As responsible adults we should be presented with accurate, eye-catching and timely information about alcohol’s immediate and long-term effects. Anything less is to squander the benefits of decades of scientific research.
Whether we are from the left, right or centre politically, we cannot deny we are better off for encouraging choices which serve our long-term interests. And there is a mountain of scientific evidence showing alcohol impairs this kind of decision-making.
As a sedative alcohol causes a kind of acute cognitive near-sightedness, with our mental life more than usually occupied with attending to our immediate surroundings. Matters beyond these narrow confines often slip our minds, whether next door or tomorrow morning.
The haze of inebriation can also mean we do and say things which, to coin a phrase, “seem like a good idea at the time”, only to prove otherwise later. These can range from the faintly embarrassing to the life-changingly serious, depending on the circumstances we encounter.
Regularly drinking above a low level of around 14 UK units (140ml/4.7 fl oz) a week can disturb our sleep, lower our mood, impair our sexual function, increase our anxiety and blur our memories. These largely ignored side-effects can undermine our quality of life and limit our choices.
Should we drink more than a little for a period of weeks, months or years we may unwittingly slip into a degree of alcohol dependency, where our brains adapt to alcohol inebriation. We might then start to find we act more on the spur of the moment and have trouble making and fulfilling plans.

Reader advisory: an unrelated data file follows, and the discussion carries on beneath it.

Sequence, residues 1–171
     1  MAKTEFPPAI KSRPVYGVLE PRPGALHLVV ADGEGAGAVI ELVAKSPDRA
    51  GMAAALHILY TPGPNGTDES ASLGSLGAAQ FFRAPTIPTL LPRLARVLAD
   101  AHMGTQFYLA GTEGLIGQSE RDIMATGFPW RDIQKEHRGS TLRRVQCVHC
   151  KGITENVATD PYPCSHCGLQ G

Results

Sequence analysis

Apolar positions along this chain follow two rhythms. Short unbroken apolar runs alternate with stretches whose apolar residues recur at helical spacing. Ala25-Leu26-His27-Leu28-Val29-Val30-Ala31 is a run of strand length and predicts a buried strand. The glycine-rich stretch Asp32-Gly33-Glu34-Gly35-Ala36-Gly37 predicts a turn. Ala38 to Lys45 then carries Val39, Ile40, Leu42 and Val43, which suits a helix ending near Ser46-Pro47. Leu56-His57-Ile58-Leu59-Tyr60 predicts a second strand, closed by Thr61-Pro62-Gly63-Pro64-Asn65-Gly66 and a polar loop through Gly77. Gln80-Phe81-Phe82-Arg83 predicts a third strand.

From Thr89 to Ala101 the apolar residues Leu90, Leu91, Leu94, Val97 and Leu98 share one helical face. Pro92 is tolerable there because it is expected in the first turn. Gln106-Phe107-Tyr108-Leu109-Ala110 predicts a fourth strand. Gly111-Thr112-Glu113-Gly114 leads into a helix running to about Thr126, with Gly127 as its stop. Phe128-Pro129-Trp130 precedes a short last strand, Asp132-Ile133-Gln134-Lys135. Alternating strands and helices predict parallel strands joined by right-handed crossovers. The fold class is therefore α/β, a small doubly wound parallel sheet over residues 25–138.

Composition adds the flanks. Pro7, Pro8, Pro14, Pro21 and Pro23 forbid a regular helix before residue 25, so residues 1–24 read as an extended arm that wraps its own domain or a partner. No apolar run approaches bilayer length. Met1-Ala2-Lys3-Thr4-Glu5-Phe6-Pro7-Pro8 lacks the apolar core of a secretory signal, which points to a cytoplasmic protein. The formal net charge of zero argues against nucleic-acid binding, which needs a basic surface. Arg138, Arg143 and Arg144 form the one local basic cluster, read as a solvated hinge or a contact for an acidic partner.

As a species we look for solutions and drinking alcohol can seem to be one off the peg. It relieves our discomforts, particularly after we are dependent. So it is hard to remember it is a sticking-plaster and the cause of many difficulties and discomforts we hope to escape.
Alcohol’s interference with our mental capacities and effect on our behaviour are undisputed science. Its fascinating complexity fills Alcohol Companion, which provides an accessible account. The problem is not that its contents are contentious, but that knowledge is not widespread.
Also scientifically unquestioned and too-little-known are the effects of alcohol drinking beyond our brains. Above a low level it increases our risk of cancers, heart problems, liver problems and physical injuries, as well as trouble with the law, relationships and employment.
Warnings need to reach us reliably at the times and places it is most helpful to us. One simple remedy is to provide more informative labels. Such labels are now in the pipeline in Ireland and Australia. Efforts in Canada and the EU, however, are delayed, and blocked in the UK.
The invective used to justify the lack of label information is a reversal of the truth: It is the killjoy who fails to warn fellows of the risk of fueling depression and anxiety; And the crudely caricatured “nanny” of pro-alcohol cliché would be the first to shield us from disconcerting facts.
Few of us find cause for alarm or resentment in a road sign. Keeping alcohol drinkers in the dark at the moment we make our decisions to drink or not is to deny us the benefits of science.
Alcohol drinking impairs our short- and long-term decision-making, especially around alcohol drinking. It is self-serving flattery to suggest otherwise. We should be treated like adults, rather than taken for fools. ■